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Research Interests

Increasingly detailed analysis of vertebrate genomes has shown that the majority of the genome is transcribed into RNA but only a small fraction of the total RNA codes for protein. A much larger fraction consists of noncoding RNAs, both large and small. Broadly, we seek to understand the role that small noncoding RNAs play during vertebrate development focusing mostly on microRNAs (miRNAs). These small RNAs primarily regulate gene expression at the post-transcriptional level via base pairing with specific mRNA targets. Because the pairing is imperfect, the challenge is to identify bona fide mRNA targets. We use zebrafish and mammalian cell lines as model systems to understand the role that miRNAs play during development and disease progression focusing on the following questions:

1. Regulation of Retinal Regeneration
Zebrafish are remarkable in their ability to repair and regenerate damaged tissues including hearts, retinas, nerves, and fins. We previously showed that miRNAs regulate caudal fin regeneration and based on those studies have expanded to examine the regulation of gene expression that occurs during retinal regeneration. The retina is a beautiful tissue with clearly defined, patterned cell types including rods, cones, and Müller glial cells. In humans, loss of rods and cones is largely irreversible but fish are able to recover eyesight even after loss of most rods and cones. Using next generation sequencing technologies, we have identified differentially expressed miRNAs and mRNAs and now seek to experimentally test the role of specific genes and regulatory networks that control retinal regeneration.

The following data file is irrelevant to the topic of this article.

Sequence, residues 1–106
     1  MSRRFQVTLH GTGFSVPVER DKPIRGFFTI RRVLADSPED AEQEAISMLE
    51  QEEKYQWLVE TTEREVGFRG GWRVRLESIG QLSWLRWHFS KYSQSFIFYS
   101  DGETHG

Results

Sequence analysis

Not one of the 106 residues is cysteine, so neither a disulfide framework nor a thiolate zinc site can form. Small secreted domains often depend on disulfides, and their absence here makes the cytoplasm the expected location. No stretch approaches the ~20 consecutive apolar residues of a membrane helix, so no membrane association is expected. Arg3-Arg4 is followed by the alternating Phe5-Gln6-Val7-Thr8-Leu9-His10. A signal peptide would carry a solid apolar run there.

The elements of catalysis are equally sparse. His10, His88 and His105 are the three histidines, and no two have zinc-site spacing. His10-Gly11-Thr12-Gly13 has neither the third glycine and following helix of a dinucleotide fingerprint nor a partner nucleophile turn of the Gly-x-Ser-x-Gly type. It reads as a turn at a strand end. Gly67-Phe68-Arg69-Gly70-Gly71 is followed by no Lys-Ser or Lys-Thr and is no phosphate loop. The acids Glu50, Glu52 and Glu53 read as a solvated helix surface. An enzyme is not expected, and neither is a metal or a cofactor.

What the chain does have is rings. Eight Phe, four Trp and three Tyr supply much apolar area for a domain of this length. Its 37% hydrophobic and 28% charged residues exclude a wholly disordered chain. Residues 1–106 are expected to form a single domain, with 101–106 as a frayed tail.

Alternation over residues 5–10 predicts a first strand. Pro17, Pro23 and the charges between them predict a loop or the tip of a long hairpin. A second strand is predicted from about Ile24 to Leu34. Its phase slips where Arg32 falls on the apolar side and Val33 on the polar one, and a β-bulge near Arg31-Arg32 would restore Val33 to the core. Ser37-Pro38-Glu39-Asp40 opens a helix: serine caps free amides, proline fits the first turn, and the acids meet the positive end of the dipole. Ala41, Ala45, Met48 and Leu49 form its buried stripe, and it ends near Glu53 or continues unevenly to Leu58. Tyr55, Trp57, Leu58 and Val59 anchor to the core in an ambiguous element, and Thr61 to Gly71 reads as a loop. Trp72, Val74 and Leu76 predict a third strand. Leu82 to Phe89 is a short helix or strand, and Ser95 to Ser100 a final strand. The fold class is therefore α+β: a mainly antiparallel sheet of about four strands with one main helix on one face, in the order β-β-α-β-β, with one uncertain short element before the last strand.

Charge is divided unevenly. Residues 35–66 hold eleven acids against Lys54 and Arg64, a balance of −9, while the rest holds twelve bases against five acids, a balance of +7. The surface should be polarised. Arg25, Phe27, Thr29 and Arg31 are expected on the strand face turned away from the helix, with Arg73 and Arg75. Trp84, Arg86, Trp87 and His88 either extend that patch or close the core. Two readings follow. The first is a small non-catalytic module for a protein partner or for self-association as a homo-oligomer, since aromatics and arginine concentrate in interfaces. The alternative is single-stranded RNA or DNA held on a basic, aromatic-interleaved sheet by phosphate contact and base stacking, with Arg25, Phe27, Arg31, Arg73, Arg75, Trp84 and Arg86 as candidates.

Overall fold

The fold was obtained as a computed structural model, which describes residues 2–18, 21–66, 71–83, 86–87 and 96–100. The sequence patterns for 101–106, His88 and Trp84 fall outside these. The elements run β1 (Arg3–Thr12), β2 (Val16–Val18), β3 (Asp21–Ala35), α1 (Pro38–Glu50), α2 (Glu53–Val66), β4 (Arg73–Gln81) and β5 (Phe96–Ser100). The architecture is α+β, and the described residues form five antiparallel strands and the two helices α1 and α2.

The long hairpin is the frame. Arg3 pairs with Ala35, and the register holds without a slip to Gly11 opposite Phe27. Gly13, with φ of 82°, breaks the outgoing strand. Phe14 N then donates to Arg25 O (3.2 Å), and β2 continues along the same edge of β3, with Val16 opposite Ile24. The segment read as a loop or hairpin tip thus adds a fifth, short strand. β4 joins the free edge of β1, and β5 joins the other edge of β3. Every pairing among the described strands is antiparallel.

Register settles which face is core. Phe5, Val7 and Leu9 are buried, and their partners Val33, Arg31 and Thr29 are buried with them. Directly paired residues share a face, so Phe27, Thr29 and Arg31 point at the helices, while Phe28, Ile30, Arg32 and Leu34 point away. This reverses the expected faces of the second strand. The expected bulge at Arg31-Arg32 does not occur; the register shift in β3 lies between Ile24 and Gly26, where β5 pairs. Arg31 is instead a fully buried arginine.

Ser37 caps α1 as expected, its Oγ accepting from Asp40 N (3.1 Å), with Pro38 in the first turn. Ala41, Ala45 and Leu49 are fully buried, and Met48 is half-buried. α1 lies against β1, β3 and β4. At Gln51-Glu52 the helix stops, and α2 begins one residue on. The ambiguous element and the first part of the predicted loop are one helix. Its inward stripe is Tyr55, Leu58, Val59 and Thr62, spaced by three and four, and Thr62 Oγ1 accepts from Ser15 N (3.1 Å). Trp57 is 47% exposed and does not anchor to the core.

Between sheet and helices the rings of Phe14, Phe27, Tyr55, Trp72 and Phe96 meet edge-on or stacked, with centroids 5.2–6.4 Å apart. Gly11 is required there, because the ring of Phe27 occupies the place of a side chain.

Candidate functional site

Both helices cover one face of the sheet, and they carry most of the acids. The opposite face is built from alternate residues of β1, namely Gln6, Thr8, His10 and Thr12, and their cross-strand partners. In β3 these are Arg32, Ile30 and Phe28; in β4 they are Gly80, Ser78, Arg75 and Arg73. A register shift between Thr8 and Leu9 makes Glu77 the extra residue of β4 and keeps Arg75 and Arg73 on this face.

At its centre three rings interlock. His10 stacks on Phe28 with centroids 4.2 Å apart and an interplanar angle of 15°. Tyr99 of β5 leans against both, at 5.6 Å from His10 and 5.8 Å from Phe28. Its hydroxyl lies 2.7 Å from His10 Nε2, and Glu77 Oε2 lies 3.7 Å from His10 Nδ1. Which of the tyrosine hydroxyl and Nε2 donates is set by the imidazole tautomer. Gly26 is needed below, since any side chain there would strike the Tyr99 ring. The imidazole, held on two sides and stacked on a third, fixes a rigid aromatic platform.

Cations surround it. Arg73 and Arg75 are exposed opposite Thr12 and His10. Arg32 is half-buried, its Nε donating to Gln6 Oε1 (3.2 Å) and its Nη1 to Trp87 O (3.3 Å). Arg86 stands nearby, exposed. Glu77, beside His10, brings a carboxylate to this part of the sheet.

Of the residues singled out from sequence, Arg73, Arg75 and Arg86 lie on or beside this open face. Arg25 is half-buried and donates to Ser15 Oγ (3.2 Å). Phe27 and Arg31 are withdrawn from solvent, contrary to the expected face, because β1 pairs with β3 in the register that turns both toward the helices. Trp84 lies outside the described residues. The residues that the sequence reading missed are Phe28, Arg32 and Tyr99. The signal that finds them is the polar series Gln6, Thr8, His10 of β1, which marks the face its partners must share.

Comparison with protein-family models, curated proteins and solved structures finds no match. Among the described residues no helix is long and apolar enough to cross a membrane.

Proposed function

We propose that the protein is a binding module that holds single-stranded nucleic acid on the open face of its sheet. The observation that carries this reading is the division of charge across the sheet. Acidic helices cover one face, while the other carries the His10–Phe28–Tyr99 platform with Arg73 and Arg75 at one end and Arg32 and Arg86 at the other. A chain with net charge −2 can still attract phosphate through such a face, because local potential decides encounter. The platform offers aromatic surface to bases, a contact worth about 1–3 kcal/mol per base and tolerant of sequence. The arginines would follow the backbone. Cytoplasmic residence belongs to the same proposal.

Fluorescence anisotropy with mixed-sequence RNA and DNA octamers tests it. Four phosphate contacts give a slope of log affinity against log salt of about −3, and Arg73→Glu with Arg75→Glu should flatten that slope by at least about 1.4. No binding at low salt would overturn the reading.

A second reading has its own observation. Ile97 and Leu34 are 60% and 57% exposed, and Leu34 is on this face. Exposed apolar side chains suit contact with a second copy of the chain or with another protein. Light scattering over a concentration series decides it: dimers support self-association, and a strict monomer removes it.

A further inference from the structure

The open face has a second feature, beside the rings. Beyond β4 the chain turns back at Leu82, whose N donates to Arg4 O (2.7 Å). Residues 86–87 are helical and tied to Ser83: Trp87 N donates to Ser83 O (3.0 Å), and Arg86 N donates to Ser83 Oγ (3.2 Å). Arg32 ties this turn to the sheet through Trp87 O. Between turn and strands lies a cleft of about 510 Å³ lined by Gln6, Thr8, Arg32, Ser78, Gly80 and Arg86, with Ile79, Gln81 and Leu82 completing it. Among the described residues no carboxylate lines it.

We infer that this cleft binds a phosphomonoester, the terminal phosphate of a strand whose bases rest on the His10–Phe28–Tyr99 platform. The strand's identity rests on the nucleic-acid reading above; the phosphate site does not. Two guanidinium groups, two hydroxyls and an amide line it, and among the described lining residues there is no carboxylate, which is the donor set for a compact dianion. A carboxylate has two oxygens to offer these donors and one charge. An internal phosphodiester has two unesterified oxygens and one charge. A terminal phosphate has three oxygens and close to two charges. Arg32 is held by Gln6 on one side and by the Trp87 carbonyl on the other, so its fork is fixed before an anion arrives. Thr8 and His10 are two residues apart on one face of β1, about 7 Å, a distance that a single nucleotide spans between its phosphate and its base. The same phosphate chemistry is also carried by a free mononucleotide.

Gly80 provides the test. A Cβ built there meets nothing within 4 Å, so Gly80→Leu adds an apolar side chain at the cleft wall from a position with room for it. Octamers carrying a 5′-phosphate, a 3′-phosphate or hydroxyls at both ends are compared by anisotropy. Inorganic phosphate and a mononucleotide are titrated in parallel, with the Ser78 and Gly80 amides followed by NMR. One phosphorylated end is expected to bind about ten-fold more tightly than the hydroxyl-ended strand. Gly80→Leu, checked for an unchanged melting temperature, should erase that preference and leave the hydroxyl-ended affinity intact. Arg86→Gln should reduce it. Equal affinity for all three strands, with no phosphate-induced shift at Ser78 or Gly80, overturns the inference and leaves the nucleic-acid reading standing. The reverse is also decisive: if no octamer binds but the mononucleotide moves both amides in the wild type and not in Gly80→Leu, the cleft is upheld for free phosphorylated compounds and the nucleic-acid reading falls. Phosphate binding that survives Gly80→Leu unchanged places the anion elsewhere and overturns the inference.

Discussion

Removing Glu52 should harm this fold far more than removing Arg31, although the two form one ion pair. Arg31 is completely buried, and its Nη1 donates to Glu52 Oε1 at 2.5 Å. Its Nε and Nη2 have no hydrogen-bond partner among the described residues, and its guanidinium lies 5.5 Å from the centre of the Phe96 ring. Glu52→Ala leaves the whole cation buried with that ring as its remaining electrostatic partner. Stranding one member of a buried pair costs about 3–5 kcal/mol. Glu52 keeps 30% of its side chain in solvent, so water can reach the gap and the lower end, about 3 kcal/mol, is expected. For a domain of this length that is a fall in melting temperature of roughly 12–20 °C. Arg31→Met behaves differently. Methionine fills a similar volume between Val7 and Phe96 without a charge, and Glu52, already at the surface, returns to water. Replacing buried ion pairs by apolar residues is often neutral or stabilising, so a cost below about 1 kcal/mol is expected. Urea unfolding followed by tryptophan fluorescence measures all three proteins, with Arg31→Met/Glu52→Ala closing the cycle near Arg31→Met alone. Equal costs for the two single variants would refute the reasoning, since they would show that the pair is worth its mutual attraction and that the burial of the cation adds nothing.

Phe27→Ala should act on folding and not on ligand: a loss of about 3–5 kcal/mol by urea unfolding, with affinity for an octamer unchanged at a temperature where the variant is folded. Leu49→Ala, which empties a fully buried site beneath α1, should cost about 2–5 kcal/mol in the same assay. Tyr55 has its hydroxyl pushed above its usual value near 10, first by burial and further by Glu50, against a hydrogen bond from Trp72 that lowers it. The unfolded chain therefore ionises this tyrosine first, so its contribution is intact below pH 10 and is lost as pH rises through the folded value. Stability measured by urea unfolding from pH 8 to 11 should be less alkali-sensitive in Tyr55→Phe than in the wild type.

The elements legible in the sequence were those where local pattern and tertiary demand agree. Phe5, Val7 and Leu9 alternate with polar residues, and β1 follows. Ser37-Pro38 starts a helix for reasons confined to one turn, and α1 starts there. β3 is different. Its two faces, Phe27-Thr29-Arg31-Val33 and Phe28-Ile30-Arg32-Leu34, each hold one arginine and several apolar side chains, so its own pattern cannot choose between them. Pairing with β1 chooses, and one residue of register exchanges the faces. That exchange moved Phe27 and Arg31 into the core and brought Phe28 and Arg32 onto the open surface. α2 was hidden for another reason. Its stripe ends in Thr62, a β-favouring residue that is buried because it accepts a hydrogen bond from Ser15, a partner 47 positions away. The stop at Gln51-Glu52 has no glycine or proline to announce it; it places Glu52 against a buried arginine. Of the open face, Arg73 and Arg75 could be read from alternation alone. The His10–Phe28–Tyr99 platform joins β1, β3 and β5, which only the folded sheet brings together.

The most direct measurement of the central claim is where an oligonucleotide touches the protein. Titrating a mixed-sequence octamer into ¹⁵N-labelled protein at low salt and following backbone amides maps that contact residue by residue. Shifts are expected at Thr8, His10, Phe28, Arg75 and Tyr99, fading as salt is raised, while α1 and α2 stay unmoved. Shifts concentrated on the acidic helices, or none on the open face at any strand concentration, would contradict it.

2. miRNA Function During Early Vertebrate Development
We have used microarray analyses and next generation sequencing technologies to determine the expression patterns of nearly all zebrafish miRNAs during the first 5 days of development. Using gain- and loss-of-function experiments, we have uncovered a role for miRNA regulation controlling muscle development, the response to osmotic stress, planar cell polarity, synaptic function, vesicular exocytosis, pectoral fin growth, left-right asymmetry, endoderm formation, fin regeneration, and eye development. miRNAs typically regulate a number of mRNAs but when examined at specific times and locations, they control key developmental decisions. Broadly, we would like to know the targets of every single miRNA.

3. Biogenesis and function of extracellular RNAs in cancer
There is increasing evidence that in cancer the secretion of extracellular vesicles, such as exosomes, can manipulate the local and systemic environment to enhance tumor growth and dissemination. Several studies have shown that exosomes contain distinct cargo, including microRNAs (miRNAs), and that they are involved in intercellular communication. An outstanding question regarding extracellular RNAs is whether their export from cells is specific and actively regulated; and if so, how this selection process occurs. Additionally, little is understood about the exact function of extracellular miRNAs and how they pertain to health and disease. Using colon cancer cell lines, we are interested in understanding the biogenesis and function of exosomal miRNAs, the molecular pathway(s) by which miRNAs are sorted to exosomes, and ultimately, how these processes are deregulated during oncogenesis.